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Pure Storage All-Flash Storage Array and Citrix XenServer

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Applies to: Citrix XenServer 6.1, 6.2, 6.5, 7.x, and 8.x 

Pure Storage FlashArray provides multi-hypervisor support including Citrix XenServer, a fully functional free Hypervisor. Pure Storage is listed in the XenServer HCL for storage devices for both Fibre Channel (FC) and iSCSI. 

Pure Storage FlashArray with ActiveCluster is supported in XenServer 7.x and above.

Boot from SAN Considerations

If you are using a LUN to boot from SAN, you need to ensure the changes in your configuration files are applied upon rebooting. This is done by rebuilding the initial ramdisk (initrd or initramfs) to include the proper kernel modules, files, and configuration directives after the configuration changes have been made. As the procedure slightly varies depending on the host, we recommend that you refer to your vendor's documentation for the proper procedure.

When rebuilding the initial ramdisk, you will want to confirm that the necessary dependencies are in place before rebooting the host to avoid any errors during boot. Refer to your vendor's documentation for specific commands to confirm this information.

For example, on Citrix XenServer, you can run the following commands and then use the .cmd file to remake the image.

[root@symcert3 ~]# cd /boot
[root@symcert3 boot]# ls
chain.c32 grub initrd-fallback.img menu.c32 vmlinuz-fallback
config-3.10.0+2 initrd-3.10.0+2.img ldlinux.sys xen-4.4.1-xs90192-d.gz xen-debug.gz
extlinux initrd-3.10.0+2.img.cmd mboot.c32 vmlinuz-3.10.0+2 xen.gz
extlinux.conf initrd-3.10-xen.img memtest86+-1.65 vmlinuz-3.10-xen xen-4.4.1-xs90192.gz
[root@symcert3 boot]# sh ./initrd-3.10.0+2.img.cmd

Multipath Configuration

The Multipath Policy defines how the host distributes IOs across the available paths to the storage. The Round Robin (RR) policy distributes IOs evenly across all Active/Optimized paths. A newer MPIO policy, queue-length, is similar to round robin in that IOs are distributed across all available Active/Optimized paths, however, it provides some additional benefits. The queue-length path selector will bias IOs towards paths that are servicing IO quicker (paths with shorter queues). In the event that one path becomes intermittently disruptive or is experiencing higher latency, queue-length will prevent the utilization of that path reducing the effect of the problem path.

These settings are applicable to Fibre Channel and iSCSI, and should be added to your multipath.conf file:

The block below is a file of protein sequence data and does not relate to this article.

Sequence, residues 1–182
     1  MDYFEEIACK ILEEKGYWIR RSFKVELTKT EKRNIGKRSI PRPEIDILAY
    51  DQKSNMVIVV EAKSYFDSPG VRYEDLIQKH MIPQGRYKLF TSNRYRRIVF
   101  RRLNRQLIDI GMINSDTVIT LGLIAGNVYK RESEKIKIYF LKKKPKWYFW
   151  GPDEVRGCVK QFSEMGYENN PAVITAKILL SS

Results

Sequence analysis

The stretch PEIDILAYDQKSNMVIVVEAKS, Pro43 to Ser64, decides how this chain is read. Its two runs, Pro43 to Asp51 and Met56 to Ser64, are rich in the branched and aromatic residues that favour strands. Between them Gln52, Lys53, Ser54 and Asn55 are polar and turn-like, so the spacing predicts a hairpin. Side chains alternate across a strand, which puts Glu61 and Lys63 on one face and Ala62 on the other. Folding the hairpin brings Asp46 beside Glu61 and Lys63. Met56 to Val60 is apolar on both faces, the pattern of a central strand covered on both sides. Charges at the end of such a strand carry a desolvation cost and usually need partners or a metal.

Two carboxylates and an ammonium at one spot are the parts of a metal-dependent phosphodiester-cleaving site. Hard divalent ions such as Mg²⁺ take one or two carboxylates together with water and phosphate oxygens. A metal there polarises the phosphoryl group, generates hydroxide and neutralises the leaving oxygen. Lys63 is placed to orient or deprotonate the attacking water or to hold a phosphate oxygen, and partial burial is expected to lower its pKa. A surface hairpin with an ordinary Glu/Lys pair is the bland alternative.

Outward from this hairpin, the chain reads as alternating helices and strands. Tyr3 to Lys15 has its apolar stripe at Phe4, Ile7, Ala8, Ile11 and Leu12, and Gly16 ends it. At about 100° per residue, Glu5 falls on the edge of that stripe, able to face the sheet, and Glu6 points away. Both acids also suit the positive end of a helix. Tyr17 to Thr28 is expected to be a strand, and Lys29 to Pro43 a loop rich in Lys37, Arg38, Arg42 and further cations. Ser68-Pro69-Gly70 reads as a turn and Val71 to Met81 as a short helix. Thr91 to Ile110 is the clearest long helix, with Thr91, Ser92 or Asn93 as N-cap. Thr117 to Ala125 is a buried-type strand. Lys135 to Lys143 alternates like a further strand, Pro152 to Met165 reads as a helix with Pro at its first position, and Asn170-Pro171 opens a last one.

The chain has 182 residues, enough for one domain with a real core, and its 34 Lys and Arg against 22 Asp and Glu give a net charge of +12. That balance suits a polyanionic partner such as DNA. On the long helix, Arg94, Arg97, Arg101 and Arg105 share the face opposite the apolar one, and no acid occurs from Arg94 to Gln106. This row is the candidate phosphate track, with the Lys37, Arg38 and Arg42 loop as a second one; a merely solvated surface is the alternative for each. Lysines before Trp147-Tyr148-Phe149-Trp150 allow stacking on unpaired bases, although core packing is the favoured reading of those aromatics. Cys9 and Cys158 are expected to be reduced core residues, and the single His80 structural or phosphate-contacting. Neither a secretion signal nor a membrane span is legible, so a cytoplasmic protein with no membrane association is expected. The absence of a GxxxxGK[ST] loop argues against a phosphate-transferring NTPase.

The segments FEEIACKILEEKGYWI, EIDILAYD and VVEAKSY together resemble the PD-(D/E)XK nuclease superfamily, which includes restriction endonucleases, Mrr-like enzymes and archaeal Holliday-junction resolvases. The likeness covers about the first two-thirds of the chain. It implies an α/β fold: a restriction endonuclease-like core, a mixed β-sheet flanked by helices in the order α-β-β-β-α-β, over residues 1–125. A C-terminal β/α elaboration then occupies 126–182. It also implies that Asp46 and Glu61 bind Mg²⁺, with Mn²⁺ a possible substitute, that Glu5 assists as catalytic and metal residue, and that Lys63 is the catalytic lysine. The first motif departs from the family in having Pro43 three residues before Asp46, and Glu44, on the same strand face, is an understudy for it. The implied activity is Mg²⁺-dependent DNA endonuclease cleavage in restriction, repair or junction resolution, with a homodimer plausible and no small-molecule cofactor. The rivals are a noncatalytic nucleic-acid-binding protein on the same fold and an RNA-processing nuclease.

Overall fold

• XenServer 6.1, 6.2, 6.5 - /etc/multipath.conf
  • XenServer 7.x, 8.x - /etc/multipath.xenserver/multipath.conf
XenServer Version Multipath Recommendations
XenServer 7.x
XenServer 8.x

In ActiveCluster configurations, Pure Arrays make use of ALUA to handle path state changes in the event of a loss of replication link between arrays. 

defaults {
    polling_interval      10

       device {
                vendor                "PURE"
                product               "FlashArray"
                path_selector         "queue-length 0"
                path_grouping_policy  group_by_prio
                path_checker          tur
                fast_io_fail_tmo      10
                dev_loss_tmo          60
                no_path_retry         0
                hardware_handler      "1 alua"
                prio                  alua
                failback              immediate
XenServer 6.5
 device {
                vendor                  "PURE"
                product                 "FlashArray"
                path_selector           "queue-length 0"
                path_grouping_policy    multibus
                rr_weight               uniform
                prio                    const
                rr_min_io_rq            1
                path_checker            tur
XenServer 6.2
device {
                vendor                  "PURE"
                product                 "FlashArray"
                path_selector           "round-robin 0"
                path_grouping_policy    multibus
                rr_weight               uniform
                prio                    const
                rr_min_io_rq            1
                path_checker            tur
XenServer 6.1
device {
      vendor                  “PURE”
      product                 “FlashArray”
      path_grouping_policy    multibus
      path_checker            tur
      rr_min_io               1
      path_selector           “round-robin 0”
      no_path_retry           0
      fast_io_fail_tmo        3
      dev_loss_tmo            30
      prio                    alua


FC Configuration

Shown below is a typical FC configuration with Pure Storage FlashArray.


  1. Determine the WWPN of the servers, issue the following command on the hosts: systool –c fc_host –v | grep port_name

    Use the WWPN to do the zoning on the SAN switch and create the Pure Storage side host group and host configuration (populate the WWPNs on the Pure Storage GUI).
  2. We recommend that you update your multipath.conf file with the settings above in Multipath Configuration. To verify the status, run multipath –ll or multipath status